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Discussion Starter #1
I'm new here but I've been trading for a little over a year. I'll get to the point.

If you believe the market is going to crash, would this be a sound strategy:

Selling deep in the money Call option (IE RBC Trading at $89/share, selling $40 Call)
Then for insurance, in case I'm wrong, buying an at the money option (buying $90 call at $5)
This of course is for expiry at the end of the year.

Selling for the premiums and then buying for the insurance in case it goes back up
I've calculated that there is some lose and if anyone's interested I can run the numbers here but just talking about the strategy alone, would you guys thing this is something worth doing? Want your opinions please.

If you think this isn't good, how would you tweak it?
 

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I wouldn't short a bank, I would look for something that would really collapse like an overpriced tech company, resort or airline. Then I would short the stock and copper my bet with some OTM calls. Or sell ATM calls and buy OTM calls to take advantage of premium decay.

A few years ago I might have done this trade, now I am off options and would sooner just buy stocks or sell them short with a stoploss order for protection.
 

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I'm new here but I've been trading for a little over a year. I'll get to the point.

If you believe the market is going to crash, would this be a sound strategy:

Selling deep in the money Call option (IE RBC Trading at $89/share, selling $40 Call)
Then for insurance, in case I'm wrong, buying an at the money option (buying $90 call at $5)
This of course is for expiry at the end of the year.

Selling for the premiums and then buying for the insurance in case it goes back up
I've calculated that there is some lose and if anyone's interested I can run the numbers here but just talking about the strategy alone, would you guys thing this is something worth doing? Want your opinions please.

If you think this isn't good, how would you tweak it?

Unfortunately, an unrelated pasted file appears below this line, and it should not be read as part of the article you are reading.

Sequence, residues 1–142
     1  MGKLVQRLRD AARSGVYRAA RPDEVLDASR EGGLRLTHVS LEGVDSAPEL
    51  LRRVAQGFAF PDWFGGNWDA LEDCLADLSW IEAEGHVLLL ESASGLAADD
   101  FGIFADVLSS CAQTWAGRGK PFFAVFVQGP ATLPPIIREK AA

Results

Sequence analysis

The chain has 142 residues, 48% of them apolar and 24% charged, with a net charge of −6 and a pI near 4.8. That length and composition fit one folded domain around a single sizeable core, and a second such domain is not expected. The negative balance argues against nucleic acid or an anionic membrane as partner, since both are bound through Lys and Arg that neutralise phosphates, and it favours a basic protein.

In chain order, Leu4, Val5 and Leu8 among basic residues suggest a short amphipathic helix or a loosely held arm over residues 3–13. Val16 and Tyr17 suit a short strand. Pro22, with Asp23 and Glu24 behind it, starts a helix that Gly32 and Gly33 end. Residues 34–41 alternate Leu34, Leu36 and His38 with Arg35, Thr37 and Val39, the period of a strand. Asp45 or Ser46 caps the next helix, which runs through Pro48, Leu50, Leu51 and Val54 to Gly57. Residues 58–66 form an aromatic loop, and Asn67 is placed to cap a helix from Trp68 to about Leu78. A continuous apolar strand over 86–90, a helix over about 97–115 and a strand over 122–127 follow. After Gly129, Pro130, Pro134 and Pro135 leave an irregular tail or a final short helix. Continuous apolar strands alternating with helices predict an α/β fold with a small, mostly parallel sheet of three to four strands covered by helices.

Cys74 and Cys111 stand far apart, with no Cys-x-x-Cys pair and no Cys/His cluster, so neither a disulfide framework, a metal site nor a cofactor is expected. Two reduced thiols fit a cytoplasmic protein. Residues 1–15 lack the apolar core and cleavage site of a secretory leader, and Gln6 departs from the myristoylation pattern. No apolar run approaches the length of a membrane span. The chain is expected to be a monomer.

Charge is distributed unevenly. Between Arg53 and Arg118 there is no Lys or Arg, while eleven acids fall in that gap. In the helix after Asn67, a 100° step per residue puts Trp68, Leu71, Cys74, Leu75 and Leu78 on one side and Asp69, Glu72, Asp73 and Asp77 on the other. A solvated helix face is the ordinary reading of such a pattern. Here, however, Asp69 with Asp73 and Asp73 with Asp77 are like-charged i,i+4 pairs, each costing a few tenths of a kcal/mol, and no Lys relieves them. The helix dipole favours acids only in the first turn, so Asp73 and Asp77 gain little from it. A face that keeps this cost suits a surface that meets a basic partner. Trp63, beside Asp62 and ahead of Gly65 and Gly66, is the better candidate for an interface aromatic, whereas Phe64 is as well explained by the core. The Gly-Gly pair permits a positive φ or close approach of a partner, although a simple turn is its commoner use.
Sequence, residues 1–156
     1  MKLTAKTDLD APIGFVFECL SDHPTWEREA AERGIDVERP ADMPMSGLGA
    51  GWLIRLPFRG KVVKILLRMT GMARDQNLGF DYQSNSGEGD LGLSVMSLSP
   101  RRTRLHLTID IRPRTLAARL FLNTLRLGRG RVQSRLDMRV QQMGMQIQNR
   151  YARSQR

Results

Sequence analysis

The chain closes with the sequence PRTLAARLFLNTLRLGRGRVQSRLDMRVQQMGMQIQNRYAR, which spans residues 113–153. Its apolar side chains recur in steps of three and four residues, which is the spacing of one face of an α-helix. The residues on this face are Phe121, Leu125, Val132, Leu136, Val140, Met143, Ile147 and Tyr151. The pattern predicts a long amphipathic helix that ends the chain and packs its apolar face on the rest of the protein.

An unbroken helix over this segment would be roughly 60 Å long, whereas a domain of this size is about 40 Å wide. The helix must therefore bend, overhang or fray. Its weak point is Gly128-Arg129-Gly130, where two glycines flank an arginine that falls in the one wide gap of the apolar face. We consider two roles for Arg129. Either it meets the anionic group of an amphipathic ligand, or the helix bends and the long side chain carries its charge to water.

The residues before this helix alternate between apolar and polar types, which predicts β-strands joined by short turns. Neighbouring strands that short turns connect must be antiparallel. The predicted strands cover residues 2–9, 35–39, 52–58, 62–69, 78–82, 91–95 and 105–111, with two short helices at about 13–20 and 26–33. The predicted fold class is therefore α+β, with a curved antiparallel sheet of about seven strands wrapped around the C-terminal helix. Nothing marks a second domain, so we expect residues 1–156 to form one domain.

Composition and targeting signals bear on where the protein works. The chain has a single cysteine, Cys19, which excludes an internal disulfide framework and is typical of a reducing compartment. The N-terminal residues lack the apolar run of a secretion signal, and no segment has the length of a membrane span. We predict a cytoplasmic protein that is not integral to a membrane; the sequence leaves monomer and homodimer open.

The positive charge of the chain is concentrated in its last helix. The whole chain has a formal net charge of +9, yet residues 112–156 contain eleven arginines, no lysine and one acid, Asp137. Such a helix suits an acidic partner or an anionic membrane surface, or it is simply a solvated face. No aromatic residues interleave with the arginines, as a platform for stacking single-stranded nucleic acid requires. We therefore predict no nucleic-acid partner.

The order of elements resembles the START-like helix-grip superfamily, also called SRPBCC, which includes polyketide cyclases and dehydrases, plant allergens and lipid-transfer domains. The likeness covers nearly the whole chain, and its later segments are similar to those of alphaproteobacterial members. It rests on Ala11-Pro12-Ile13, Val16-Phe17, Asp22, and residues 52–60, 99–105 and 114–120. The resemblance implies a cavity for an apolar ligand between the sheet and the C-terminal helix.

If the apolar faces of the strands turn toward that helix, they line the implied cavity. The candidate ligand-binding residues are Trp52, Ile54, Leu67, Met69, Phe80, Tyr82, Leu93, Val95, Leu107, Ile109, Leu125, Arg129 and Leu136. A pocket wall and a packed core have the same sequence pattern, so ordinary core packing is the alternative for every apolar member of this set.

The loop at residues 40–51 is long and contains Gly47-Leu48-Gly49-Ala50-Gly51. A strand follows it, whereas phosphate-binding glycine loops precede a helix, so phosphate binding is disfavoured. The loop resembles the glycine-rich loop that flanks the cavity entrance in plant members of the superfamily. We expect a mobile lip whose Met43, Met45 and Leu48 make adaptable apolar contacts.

@ the money options are best for trading most liquid

Deep in the money options with little premium & mostly intrinsic value are good for being long since they give the underlying a positive curvature i.e., the option has no choice but to move point for point when the market moves in your direction since there is no premium or little premium to contract. If market moves against you premium will expand.

Being long OTM & or far OTM options are best used for explosive moves in the market since premium will expand when the market moves explosively in your direction.

You want to sell a deep in the money call that has little to no premium If the market crashes the premium will expand in the option off setting a large portion of the expansion of the increase in intrinsic value. Plus you want to buy the option with the highest premium the @ the money.

If your want to play a crash would probably just buy OTM puts. If your right you make big if your wrong option will probably expire worthless.

If you want to short would play spy or spx since if the market crashes the reward will almost always be higher then playing an individual stock
 

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If you believe the market is crashing, it is better to trade an underlying that represents the market. I think the suggestions above (SPX and SPY) are the best in terms of liquidity. An exception could be if you already own RBC or another stock, in which case if you sell DITM call it would be considered a covered call (matching contracts). Consequently, there will be no need for margin and no cash outlay (since it is done for a credit).

Selling ATM calls offers less downside protection (or opportunity), but is more neutral. If the market goes up, the premiums received will cover part of the upside lost.

Buying puts could be a good way to short the market. If you are right on the trade, not only will you benefit from the negative deltas, but expansion in volatility will be icing on the cake. But you could lose the premiums even in a flat market.